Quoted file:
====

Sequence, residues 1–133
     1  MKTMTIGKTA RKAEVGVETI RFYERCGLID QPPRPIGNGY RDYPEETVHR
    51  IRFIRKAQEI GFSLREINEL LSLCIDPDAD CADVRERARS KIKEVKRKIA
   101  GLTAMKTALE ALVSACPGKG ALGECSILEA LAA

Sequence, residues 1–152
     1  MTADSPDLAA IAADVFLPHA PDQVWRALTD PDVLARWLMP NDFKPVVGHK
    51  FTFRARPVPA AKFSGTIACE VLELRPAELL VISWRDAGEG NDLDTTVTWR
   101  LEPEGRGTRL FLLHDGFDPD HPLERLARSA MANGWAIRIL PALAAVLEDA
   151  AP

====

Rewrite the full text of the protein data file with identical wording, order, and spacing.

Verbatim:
Sequence, residues 1–133
     1  MKTMTIGKTA RKAEVGVETI RFYERCGLID QPPRPIGNGY RDYPEETVHR
    51  IRFIRKAQEI GFSLREINEL LSLCIDPDAD CADVRERARS KIKEVKRKIA
   101  GLTAMKTALE ALVSACPGKG ALGECSILEA LAA

Sequence, residues 1–152
     1  MTADSPDLAA IAADVFLPHA PDQVWRALTD PDVLARWLMP NDFKPVVGHK
    51  FTFRARPVPA AKFSGTIACE VLELRPAELL VISWRDAGEG NDLDTTVTWR
   101  LEPEGRGTRL FLLHDGFDPD HPLERLARSA MANGWAIRIL PALAAVLEDA
   151  AP